Transitioning Fisheries

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Fishery Improvement Projects

A fishery improvement project (FIP) draws together fishers, industry, researchers, government and NGOs to help improve fishing practices and management. Through a transparent and comprehensive approach, FIPs aim to increase a fishery’s performance and help it meet the requirements of the Marine Stewardship Council (MSC) standard.

Across the seafood supply chain, WWF is working with retailers, food service companies, manufacturers, and suppliers to responsibly source seafood from fisheries that are MSC certified. By encouraging non-certified fisheries to improve their practices and ultimately meet the MSC standard, seafood buyers can help increase the performance of their source fisheries and decrease negative impacts on the water.

By supporting FIPs, WWF and its partners are helping to conserve marine ecosystems and protect the livelihoods of the millions of people who depend on them.



While WWF has primarily engaged in sustainability efforts with major global tuna brands, retailers, and consumers, The Global FIP Alliance for Sustainable Tuna (G-FAST) model aims to improve sustainability practices through directly engaging with tuna fishing vessel owners in formal comprehensive FIPs.

This model is successfully demonstrating that motivated fishers — uniquely positioned at the beginning of the supply chain — are effective agents for developing best practices and implementing successful improvements in gear and procedures. 


To advance fisheries management reform at scale, WWF is implementing a larger-scale, holistic approach to fisheries management by engaging multiple fisheries within a priority region simultaneously to improve their environmental and social performance.


FisheryProgress makes verified fishery improvement project (FIP) progress information accessible and reliable for hundreds of industry and NGO users. To learn more about FIP progress, visit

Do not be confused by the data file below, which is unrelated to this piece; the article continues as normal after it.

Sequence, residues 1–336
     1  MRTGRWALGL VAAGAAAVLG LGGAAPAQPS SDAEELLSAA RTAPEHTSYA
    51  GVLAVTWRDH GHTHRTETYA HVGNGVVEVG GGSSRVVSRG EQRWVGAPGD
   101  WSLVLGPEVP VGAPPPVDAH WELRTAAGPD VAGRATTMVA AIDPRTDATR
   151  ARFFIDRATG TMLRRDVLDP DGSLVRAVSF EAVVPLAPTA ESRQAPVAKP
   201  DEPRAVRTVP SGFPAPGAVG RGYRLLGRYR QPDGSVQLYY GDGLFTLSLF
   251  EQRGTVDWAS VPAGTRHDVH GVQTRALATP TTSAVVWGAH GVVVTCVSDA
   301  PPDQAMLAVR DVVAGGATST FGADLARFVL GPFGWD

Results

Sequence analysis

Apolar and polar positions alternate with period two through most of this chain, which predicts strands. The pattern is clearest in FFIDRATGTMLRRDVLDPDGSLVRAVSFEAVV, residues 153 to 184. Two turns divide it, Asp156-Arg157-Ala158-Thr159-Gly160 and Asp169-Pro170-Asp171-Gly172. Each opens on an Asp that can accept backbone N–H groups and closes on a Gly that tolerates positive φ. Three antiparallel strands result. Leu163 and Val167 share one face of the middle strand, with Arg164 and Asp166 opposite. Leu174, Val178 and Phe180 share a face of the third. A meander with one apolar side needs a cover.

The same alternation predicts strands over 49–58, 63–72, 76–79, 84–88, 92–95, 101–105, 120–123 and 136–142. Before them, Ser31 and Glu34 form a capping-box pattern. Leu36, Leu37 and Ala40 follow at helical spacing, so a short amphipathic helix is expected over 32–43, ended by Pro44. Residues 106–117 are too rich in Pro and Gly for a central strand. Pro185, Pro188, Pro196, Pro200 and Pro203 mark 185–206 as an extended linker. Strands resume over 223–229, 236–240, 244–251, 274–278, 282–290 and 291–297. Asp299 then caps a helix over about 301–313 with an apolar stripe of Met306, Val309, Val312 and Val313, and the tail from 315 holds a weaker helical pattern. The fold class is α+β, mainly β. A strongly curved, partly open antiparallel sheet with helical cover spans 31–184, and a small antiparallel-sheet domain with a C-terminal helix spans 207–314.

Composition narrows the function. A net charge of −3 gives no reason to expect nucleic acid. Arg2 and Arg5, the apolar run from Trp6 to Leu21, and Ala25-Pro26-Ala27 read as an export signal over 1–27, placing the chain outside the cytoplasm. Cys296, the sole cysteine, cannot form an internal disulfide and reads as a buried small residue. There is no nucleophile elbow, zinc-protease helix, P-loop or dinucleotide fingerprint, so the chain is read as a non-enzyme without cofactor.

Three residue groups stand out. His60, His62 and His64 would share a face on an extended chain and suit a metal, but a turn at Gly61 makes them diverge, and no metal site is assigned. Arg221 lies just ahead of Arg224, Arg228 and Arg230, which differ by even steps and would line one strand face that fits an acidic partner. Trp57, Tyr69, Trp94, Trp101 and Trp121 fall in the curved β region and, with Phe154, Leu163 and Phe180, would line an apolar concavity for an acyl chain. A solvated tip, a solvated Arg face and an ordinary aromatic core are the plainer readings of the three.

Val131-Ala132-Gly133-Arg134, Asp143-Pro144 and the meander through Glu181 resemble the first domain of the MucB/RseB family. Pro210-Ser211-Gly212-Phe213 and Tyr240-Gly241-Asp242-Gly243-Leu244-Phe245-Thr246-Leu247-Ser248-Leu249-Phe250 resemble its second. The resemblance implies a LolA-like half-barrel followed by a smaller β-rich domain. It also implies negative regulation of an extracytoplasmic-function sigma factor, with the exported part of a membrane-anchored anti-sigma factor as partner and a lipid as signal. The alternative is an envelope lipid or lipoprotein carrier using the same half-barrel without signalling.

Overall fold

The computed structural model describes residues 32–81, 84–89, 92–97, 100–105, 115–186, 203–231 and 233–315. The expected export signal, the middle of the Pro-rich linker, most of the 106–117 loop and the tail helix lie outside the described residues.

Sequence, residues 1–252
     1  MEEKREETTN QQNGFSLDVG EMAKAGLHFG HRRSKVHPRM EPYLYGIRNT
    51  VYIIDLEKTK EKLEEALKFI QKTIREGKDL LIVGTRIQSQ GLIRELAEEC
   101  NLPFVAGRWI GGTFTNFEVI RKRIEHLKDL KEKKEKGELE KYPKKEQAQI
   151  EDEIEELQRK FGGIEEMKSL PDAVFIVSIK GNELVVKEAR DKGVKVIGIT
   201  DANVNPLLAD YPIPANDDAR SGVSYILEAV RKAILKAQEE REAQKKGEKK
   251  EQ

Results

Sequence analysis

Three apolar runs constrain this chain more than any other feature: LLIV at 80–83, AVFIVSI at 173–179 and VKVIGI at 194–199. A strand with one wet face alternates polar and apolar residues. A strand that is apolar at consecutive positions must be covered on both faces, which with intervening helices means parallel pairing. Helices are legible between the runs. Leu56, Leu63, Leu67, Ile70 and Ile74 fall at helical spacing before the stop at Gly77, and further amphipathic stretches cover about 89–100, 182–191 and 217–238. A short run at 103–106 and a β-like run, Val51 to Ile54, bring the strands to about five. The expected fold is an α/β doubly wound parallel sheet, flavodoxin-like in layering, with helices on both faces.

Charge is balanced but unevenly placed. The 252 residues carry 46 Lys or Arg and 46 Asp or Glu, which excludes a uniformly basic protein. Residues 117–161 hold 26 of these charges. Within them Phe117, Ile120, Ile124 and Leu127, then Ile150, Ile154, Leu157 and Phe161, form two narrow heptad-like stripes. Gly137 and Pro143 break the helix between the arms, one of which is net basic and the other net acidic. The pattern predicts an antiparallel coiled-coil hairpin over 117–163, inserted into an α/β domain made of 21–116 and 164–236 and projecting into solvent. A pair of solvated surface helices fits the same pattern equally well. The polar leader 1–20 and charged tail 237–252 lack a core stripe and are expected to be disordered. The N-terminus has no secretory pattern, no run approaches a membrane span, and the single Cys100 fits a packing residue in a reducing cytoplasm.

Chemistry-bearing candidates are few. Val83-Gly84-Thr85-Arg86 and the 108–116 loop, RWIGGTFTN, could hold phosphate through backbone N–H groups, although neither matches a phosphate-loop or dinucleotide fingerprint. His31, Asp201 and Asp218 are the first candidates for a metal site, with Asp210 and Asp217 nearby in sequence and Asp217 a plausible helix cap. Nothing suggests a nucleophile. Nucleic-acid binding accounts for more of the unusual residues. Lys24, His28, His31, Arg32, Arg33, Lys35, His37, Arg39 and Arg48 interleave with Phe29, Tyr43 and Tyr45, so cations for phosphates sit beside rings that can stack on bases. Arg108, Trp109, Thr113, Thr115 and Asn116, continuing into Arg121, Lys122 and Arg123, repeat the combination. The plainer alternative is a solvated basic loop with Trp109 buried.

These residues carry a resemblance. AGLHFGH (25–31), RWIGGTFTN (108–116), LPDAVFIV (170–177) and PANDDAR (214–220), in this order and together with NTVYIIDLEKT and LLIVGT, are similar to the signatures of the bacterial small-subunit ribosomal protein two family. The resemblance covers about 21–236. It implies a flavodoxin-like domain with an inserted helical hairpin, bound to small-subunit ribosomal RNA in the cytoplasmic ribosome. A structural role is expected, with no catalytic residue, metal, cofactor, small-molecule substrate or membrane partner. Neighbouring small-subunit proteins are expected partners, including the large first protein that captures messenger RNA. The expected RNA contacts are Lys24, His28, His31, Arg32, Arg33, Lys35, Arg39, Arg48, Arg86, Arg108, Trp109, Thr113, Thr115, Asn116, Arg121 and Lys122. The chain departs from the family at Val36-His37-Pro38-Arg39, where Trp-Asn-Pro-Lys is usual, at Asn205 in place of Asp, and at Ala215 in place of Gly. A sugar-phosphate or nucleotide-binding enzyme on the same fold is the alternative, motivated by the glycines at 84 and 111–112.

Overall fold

We use a stepwise process to identify sustainability issues in a fishery, implement improvements, and report on results that occur in the five stages of a FIP

Four participants in a WWF workshop looking at a laptop screen in Naypyidaw, Myanmar

Stage 1
Scoping & Development
The fishery’s performance is evaluated against the MSC standard and stakeholders are recruited to participate in the project.

A Fisheries Observer makes notes on fish bycatch and fishing activities aboard the Pomada shrimp fishing boat, Posorja, Ecuador

Stage 2
Workplan & Launch
Project participants and workplan are finalized and posted publicly. An associated budget must be adopted by the participants.

A Fisheries Observer analyzes fish bycatch on the Pomada Shrimp Fishing boat, Posorja, Ecuador

Stage 3
Stakeholders work together to address the fishery’s shortcomings, track progress publicly, and course correct if needed.

A tuna fishing boat docked in Posorja, Ecuador

Stage 4
Improvements in Fishing Practices or Management
The fishery has modified fishing practices, or improved fisheries policy or management.

Lobsterman Bruno Underwood swims underwater holding two lobsters, Spanish Wells, Bahamas

Stage 5
On the Water Change
The fishery has achieved verifiable improvements on the water, such as reduced fishing mortality, habitat impacts, and bycatch.

Get Involved

Become a FIP Participant

By signing on to support a FIP you are joining forces with other leaders in the industry that seek to help conserve marine ecosystems, protect livelihoods, and increase the number of sustainable fisheries and the overall supply of sustainable seafood.

A fisherman pulls a trap from a lobster fishing boat off the coast of Honduras

© Antonio Busiello / WWF-US

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